"I leave it in your capable hands to do whatever you want..."

"... and please write back saying how much money you want."

Question for normal readers: The idealized working relationship?

Question for first year law students: Is that a contract?

ADDED: Compare the story about Steve Jobs dealing with the master of the corporate logo, Paul Rand:
The [Next] computer would be a cube, Jobs pronounced. He loved that shape. It was perfect and simple. So Rand decided that the logo should be a cube as well, one that was tilted at a 28° angle. When Jobs asked for a number of options to consider, Rand declared that he did not create different options for clients. “I will solve your problem, and you will pay me,” he told Jobs. “You can use what I produce, or not, but I will not do options, and either way you will pay me.” 
Jobs admired that kind of thinking, so he made what was quite a gamble. The company would pay an astonishing $100,000 flat fee to get one design. “There was a clarity in our relationship,” Jobs said. “He had a purity as an artist, but he was astute at solving business problems. He had a tough exterior, and had perfected the image of a curmudgeon, but he was a teddy bear inside.” It was one of Jobs’s highest praises: purity as an artist.
"Steve Jobs," by Walter Isaacson (Kindle Location 3941).

"Although we never became religious, by our late teens we had concluded that it was silly to be a militant atheist."

"Why go around proselytizing about what you don't believe in?"

Asks James Taranto on the occasion of the death of Christopher Hitchens.

Christopher Hitchens explores the history of the...

... blowjob. ("The three-letter 'job,' with its can-do implications, also makes the term especially American.")

And here's his classic "Why Women Aren't Funny." ("Women have no corresponding need to appeal to men in this way. They already appeal to men...")

And here's that time he subjected his body to all manner of fancy spa treatments. ("I also take the view that it’s a mistake to try to look younger than one is, and that the face in particular ought to be the register of a properly lived life.")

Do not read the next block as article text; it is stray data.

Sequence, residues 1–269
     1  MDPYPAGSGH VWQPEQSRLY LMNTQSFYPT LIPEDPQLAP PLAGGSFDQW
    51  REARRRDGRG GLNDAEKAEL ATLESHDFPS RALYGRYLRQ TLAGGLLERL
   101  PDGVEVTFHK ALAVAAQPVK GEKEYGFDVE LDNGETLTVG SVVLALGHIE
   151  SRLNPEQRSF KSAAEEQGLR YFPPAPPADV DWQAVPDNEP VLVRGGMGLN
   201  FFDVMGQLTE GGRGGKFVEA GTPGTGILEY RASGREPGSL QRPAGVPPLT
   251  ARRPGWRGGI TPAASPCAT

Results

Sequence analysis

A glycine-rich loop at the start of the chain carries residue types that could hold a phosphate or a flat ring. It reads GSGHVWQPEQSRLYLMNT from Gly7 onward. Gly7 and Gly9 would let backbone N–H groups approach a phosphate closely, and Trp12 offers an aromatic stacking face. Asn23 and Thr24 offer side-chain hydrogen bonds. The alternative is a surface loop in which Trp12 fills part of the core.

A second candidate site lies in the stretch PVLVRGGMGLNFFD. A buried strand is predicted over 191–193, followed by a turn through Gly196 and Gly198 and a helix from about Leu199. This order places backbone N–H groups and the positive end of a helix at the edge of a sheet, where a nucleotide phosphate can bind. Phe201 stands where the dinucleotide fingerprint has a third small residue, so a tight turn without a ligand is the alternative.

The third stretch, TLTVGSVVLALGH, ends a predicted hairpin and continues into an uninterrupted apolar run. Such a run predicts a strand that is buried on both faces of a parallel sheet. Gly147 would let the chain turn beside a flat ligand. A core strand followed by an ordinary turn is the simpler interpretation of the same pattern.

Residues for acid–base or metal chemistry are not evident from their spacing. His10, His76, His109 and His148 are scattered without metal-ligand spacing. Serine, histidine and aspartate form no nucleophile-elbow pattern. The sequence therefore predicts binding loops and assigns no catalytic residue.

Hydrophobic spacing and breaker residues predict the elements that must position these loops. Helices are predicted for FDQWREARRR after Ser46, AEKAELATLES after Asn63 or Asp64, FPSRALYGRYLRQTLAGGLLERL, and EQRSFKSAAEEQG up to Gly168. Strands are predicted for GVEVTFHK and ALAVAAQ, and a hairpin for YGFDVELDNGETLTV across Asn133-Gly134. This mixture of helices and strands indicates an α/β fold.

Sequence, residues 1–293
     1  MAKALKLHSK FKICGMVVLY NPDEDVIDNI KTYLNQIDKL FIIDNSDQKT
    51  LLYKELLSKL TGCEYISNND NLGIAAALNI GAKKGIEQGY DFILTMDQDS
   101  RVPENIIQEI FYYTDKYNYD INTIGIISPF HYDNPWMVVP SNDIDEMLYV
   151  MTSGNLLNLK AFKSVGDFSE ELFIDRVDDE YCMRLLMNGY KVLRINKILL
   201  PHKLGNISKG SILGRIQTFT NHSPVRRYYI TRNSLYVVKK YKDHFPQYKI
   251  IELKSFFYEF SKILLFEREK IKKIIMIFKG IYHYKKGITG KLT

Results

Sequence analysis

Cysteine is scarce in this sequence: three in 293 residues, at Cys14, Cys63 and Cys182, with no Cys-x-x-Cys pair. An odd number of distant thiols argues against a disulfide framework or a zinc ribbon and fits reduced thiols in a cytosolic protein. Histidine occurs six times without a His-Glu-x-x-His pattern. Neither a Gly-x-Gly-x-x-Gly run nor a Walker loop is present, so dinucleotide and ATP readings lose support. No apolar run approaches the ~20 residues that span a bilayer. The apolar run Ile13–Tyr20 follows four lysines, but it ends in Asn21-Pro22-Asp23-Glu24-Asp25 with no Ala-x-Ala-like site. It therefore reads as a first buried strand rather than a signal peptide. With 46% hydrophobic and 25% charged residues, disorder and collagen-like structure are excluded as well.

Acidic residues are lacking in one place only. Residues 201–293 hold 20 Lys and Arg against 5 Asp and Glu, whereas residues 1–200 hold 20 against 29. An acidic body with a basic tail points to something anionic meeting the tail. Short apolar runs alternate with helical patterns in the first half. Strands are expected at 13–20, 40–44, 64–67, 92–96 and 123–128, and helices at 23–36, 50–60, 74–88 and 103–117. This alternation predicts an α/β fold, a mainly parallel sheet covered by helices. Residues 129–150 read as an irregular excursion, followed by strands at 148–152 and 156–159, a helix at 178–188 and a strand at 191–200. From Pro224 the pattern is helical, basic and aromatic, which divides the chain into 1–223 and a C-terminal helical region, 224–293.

All of these links come from this collection of Hitch-links at Vanity Fair.

It's so sad to have lost Hitchens! From that 3d link, above:
[M]ost of my bad habits are connected with the only way I know to make a living. In order to keep reading and writing, I need the junky energy that scotch can provide, and the intense short-term concentration that nicotine can help supply. To be crouched over a book or a keyboard, with these conditions of mingled reverie and alertness, is my highest happiness. (Upon having visited the doctor, Jean-Paul Sartre was offered the following alternative: Give up cigarettes and carry on into a quiet old age and a normal death, or keep smoking and have his toes cut off. Then his feet. Then his legs. Assessing his prospects, Sartre told Simone de Beauvoir he “wanted to think it over.” He actually did retire his gaspers, but only briefly. Later that year, asked to name the most important thing in his life, he replied, “Everything. Living. Smoking.”)
By the way, Jean Paul Sartre was way funnier than Simone de Beauvoir.

"Cause of death was not..."

"... a lethal mixture of pop rocks and coke."

"China is known for its fake Apple stores, fake Starbucks, and fake practically everything else."

"In this instance, it would seem that Mayor Wang is determined to make his English castle town a consummate fake."
Beijing's suburban Miyun County is going to build a large European-style town within five years and no one will be allowed to speak Chinese there, said the county mayor.

Wang Haichen said a local village would be turned into a 67-hectare English castle with 16 courtyards of unique houses. It will offer visitors souvenir passports and ban Chinese speaking to create the illusion of being abroad....
Is this absurd fakery or the wave of the future? Why do we subject ourselves to the rigors of travel to faraway places? Perhaps the real question is: Why even build the fake village? It's nearly possible...

There's also the idea of not having the experience at all, just getting a false memory of a vacation injected into your brain. That was Philip K. Dick's idea in "We Can Remember It For You Wholesale":
I will go, he said to himself. Before I die I’ll see Mars.

It was, of course, impossible, and he knew this even as he dreamed. But the daylight, the mundane noise of his wife now brushing her hair before the bedroom mirror – everything conspired to remind him of what he was. A miserable little salaried employee, he said to himself with bitterness.
The story is only 17-pages long — read it in this book — so it's a lot faster than that Arnold Schwarzenegger movie, but perhaps, in the future, we'll have Arnold Schwarzenegger movies injected directly into our brains....
We can't let him run around. He knows too much.

"'Work It,' an upcoming ABC sitcom about men forced to dress as women to get a job, has angered equality activists..."

"... who see the premise as trivializing the obstacles transgender people face daily in the workplace," writes Jeremy Kinser at